“Hold on a minute,” she said.
Quinn waited, the phone pressed to his ear, hearing unintelligible voices in the background on the other end of the connection.
Linda’s voice came back on. “My friend from ballistics just gave me the report on the bullet. It was fired by the same gun that killed the other victims. So there’s something else you know for sure. You wanna meet someplace for coffee?”
“You don’t need a pardon; you’re a cop. I’m asking you out on a date. You’re not exactly a real NYPD cop, and even if you were, you’d be my superior officer, so it wouldn’t be sexual harassment. A yes or no’ll do.”
Quinn got over his surprise and thought, what the hell. Laughed. “It’s a yes, Linda. We’ll meet somewhere for drinks.”
“I did say coffee.”
Quinn sensed that he’d tweaked a nerve. “Sure. Coffee it is.”
“I used to drink alcohol for nonmedicinal purposes. I’ll be up front about that.”
“You’ve got lots of company if you used to have a drinking problem,” Quinn said, thinking immediately that he shouldn’t have told her that. She hadn’t exactly said she’d had a problem.
“Nobody ‘used to have’ a drinking problem, Captain Quinn. I’ve been dry for over two years and intend to stay that way.”
“It’s just Quinn, Linda. Tonight at the Lotus Diner on Amsterdam suit you?”
“Sure does. I know where it is. About seven?”
“Let’s make it six. We might have coffee, then decide to go out for dinner.”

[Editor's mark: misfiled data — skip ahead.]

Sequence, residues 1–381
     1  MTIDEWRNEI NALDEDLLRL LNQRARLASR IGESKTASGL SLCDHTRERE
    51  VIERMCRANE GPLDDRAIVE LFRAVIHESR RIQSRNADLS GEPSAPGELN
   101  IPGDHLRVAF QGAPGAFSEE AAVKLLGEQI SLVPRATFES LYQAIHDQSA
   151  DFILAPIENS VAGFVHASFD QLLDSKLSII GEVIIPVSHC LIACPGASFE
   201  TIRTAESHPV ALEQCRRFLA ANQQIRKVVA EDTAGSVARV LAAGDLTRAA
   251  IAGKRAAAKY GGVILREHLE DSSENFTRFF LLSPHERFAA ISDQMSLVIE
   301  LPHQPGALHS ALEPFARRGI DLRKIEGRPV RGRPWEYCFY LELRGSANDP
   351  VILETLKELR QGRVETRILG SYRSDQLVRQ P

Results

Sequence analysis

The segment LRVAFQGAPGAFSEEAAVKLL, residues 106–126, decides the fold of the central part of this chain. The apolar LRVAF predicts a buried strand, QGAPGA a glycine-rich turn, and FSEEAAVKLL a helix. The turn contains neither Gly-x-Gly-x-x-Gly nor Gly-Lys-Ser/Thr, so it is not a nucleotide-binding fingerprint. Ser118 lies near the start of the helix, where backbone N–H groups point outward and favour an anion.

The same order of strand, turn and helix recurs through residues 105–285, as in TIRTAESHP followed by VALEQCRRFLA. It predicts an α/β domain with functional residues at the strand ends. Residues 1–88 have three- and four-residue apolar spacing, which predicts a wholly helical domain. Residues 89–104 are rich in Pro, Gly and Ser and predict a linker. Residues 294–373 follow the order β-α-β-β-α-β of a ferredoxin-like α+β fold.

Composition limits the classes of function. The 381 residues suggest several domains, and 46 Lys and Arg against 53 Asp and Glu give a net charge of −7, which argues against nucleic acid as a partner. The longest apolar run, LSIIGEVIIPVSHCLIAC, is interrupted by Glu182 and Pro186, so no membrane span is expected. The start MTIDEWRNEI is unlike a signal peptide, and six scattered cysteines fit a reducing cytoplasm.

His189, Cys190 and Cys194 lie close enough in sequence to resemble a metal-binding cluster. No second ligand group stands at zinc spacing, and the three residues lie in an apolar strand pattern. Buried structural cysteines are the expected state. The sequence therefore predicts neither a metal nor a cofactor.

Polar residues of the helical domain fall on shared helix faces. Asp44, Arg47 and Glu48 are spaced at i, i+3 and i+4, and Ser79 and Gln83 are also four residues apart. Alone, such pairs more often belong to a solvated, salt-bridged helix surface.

“We’ve got a date, Quinn.”
Quinn was smiling. Then he remembered this was an official conversation. “Anything else about the victim, Doctor?”
“She didn’t drown.”
A date, Quinn thought, staring at the phone’s tiny blank screen. What unsettled him somewhat wasn’t that Linda Chavesky had come on to him. In his early fifties, he was still at least presentable enough to be in the game. What struck him was that not once during his conversation with Linda had he thought about Pearl.
He knew he was as obsessive and stubborn, as Pearl often told him he was, but even the most determined person finally got tired of knocking on a door and not getting an answer, of waiting patiently and then waiting some more.
Maybe Pearl had finally convinced him that any possibility of them ever being in a loving relationship again was gone forever. Possibly she was right and that was how it should be, accepted by both of them and not just her.
Or maybe he was simply giving up hope.
And grasping for more hope.
Jill had settled on E-Bliss.org.
She’d checked out several of the matchmaking services on the Internet, limiting them to those based in or serving New York City. There was no shortage of them, especially if you had some sort of exotic sexual preference. A few of them seemed respectable if not downright staid. It was among those that she’d found E-Bliss.org. She’d carefully filled out its online questionnaire for its personality profile. She’d had a flattering photo, a head shot from a wedding she’d attended a few years ago back home, already on her hard drive. She’d attached the jpeg along with the filled-out, surprisingly detailed questionnaire, then put it on “Mail Waiting to Be Sent” and given herself two days to reconsider.
Two days later, to the hour, she’d drawn a deep breath